Mar 30, 2011

[Games] Sengoku Basara: Samurai Heroes (PS3)

Sengoku Basara: Samurai Heroes (PS3)I suppose you could say that my partner and I are not your typical variety of console gamers. Given we live together, we tend to favor games that provide local multiplayer options so we can play games together. However we don't like fighting games though and tend to look for games that offer cooperative play.

We're not big fans of network play either since this usually means only one person can play. Plus local high speed internet tends to suck either from an overall speed perspective or reliability of connection. Thus it leads to pretty annoying games where you keep dropping out for one reason or another.

When you apply those filters to the current PS3 marketplace, you actually end up with very few games. Sadly, this kind of speaks to the profile of the expected PS3 gamer - the kind who likes to play network games alone or who like investing lots of time in single-player RPGs. Nothing wrong with that image, but it does mean that games that my partner and I can get into as a couple are severely limited. So when good two-player games do come along, you can expect us to be all over it in a heartbeat.

Sengoku Basara: Samurai Heroes is Capcom's answer to Koei's largely succesful Dynasty Warriors and Samurai Warriors franchises. This is technically Sengoku Basara 3 given the previous editions released on prior consoles, although this is the only game to debut on the PS3 thus far.

The game largely features the same kind of hack-and-slash action popularized by the Dynasty Warriors series. That alone isn't too bad a grind for me and my partner, but the game truly shines in terms of its key differentiators.

Where the Koei games rely on the weapons to keep each character feeling unique, Sengoku Basara features a much more robust player system that provides multiple ways to improve your character in individual ways. Apart from looking for upgraded versions of weapons in the game, the system also allows for a wide variety of accessories that you can either find or assemble in a recipe fashion to add additional abilities to your character based on how many accessory slots are made available by the currently equipped weapon. I know, that was a really long sentence, but I wanted to be accurate here.

More importantly, each player character has a unique set of fighting moves known as "arts" that can be either spammed repeatedly or combined with other arts and basic attacks to create powerful combos. This can include moves as simple as your character charging forward for a sword slash to something as insane as creating black holes of negative energy that suck all opponents into it. And this is in addition to the more powerful Basara moves (similar to Koei's Musou attacks) and something called "Hero Time", which dramatically slows down the game to allow for longer combos.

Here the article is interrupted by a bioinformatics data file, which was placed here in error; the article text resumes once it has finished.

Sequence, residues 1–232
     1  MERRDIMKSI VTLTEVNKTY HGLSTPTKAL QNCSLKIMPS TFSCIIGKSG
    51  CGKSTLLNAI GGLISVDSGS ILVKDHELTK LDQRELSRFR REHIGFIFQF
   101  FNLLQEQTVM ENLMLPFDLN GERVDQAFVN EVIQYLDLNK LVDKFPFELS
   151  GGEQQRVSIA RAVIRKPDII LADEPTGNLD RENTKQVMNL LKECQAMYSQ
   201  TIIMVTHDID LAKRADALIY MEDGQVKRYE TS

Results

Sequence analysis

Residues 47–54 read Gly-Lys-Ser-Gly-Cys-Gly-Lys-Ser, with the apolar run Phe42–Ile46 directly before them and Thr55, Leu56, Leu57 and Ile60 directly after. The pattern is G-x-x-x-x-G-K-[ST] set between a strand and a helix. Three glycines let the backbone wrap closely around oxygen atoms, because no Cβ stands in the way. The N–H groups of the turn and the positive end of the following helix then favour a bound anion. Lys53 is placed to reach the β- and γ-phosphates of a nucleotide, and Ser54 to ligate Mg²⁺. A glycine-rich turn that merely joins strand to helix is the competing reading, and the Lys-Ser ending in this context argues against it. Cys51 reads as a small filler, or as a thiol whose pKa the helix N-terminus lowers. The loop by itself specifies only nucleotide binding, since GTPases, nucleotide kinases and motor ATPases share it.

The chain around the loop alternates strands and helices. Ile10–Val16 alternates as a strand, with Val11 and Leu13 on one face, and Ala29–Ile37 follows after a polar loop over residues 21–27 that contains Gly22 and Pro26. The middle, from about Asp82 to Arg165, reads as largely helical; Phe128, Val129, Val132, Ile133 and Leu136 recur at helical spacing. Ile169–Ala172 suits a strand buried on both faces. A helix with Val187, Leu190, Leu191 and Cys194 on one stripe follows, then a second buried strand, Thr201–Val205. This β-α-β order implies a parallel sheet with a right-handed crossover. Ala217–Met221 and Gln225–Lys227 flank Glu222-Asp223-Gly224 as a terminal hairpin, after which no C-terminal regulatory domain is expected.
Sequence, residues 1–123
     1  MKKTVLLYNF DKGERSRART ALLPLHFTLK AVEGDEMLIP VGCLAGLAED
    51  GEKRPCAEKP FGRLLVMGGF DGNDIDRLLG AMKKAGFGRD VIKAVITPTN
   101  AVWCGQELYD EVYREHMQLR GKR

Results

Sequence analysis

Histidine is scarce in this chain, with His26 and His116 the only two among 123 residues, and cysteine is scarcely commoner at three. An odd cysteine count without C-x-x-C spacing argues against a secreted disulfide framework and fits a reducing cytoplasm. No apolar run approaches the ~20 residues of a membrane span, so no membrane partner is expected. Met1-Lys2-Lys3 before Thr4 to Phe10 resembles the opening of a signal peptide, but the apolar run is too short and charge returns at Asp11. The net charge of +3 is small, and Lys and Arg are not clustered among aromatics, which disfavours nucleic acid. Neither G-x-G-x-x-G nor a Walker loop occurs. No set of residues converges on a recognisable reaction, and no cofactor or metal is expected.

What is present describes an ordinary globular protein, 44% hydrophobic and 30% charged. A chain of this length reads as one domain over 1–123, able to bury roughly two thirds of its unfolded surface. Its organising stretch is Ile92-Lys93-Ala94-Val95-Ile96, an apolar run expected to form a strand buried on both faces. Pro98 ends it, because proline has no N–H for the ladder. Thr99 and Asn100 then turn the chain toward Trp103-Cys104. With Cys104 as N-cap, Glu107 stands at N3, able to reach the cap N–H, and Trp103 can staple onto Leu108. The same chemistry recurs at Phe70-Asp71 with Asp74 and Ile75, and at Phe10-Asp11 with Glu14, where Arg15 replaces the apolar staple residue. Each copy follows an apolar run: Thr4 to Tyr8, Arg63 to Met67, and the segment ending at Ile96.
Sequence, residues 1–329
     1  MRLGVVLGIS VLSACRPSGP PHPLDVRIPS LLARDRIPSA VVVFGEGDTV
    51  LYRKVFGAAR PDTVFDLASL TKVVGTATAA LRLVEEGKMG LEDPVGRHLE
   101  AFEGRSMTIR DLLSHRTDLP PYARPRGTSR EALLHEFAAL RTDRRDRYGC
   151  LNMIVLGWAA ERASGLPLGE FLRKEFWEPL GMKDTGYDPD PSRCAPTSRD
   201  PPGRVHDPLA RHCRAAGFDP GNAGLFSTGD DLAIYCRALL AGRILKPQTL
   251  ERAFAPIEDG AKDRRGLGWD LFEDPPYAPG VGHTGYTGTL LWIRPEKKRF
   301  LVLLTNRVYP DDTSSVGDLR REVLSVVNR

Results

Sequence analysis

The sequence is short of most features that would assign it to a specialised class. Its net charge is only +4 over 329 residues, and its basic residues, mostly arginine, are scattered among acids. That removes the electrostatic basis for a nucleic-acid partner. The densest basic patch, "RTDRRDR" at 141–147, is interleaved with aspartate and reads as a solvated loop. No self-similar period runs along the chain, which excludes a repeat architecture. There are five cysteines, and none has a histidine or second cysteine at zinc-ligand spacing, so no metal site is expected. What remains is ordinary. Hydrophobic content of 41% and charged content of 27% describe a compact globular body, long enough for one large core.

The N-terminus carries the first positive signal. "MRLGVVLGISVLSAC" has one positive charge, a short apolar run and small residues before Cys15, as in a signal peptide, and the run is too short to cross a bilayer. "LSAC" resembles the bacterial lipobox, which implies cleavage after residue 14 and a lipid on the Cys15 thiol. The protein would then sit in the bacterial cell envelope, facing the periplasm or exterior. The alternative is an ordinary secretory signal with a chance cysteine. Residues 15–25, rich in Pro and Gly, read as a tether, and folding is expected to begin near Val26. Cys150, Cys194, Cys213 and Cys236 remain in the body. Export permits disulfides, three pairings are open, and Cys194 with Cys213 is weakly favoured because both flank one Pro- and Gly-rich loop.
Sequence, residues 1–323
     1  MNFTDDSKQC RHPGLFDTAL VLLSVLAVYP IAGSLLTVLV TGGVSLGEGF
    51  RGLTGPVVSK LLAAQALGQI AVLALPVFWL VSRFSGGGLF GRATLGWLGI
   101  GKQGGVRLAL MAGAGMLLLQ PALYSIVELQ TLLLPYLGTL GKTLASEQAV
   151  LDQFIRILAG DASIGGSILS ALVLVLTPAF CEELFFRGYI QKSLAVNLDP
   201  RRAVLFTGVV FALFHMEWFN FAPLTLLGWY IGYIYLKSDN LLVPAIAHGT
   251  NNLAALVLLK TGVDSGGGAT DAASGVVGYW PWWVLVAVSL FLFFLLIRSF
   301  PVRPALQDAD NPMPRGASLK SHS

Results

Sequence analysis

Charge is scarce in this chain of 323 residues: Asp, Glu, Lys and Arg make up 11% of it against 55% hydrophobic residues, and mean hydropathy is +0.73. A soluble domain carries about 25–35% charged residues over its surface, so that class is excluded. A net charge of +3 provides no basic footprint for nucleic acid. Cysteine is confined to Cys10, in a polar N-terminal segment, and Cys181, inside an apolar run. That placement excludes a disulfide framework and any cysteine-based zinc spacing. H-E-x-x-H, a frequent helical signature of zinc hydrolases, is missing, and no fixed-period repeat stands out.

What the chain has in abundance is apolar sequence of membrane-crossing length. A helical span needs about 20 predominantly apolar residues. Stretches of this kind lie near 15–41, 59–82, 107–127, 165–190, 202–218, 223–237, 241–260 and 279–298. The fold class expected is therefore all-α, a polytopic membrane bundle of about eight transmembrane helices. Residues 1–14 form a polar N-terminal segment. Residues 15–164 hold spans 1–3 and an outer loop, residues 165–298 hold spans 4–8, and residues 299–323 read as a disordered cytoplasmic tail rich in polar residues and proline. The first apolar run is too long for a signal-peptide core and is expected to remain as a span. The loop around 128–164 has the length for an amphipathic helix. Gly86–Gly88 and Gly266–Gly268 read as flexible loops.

Shogun Tokugawa Ieyasu is the founder of Japan...Image via WikipediaThe story mode allows you to unlock up to 15 different characters each with his or her unique weapons, fighting styles and back story. The typical paths have you ending up either on the side of Itshida Mitsunari and his Western Army or with Tokugawa Ieyasu and his Eastern Army. But crazier paths have you going alone and fighting both armies or simply following the events along in search of your true love. Seriously.

The voice acting is suitably horrible and it matches the rather campy style of play. I kind of wish there was a way to watch the cut scenes with Japanese voicing and English subtitles, but the campy acting sufficed for now. It did keep things interesting to be sure apart from the gameplay itself.

Stages are very different in styling, mission objections and overall look, which is awesome for a game this expansive. Plus each level has at least two special objectives that give you more experience points in the end should you accomplish them. The only challenge is that the game won't officially tell you what they are - thus its up to you as a player to figure out how to better complete a stage given the varying conditions. And they can be pretty wild - one stage has you fighting an enemy who can hide himself in the sands around you. Another stage has you racing to extinguish the fires of a giant hot pot in order to get your opponent to come down and fight you.

Sengoku Basara: Samurai Heroes is not just another button-mashing action game. It has a generous share of additional features that act as fun tweaks to things while keeping the game simple enough for it to be fun for almost everyone. It gets 5 bizarre character archetypes out of a possible 5.

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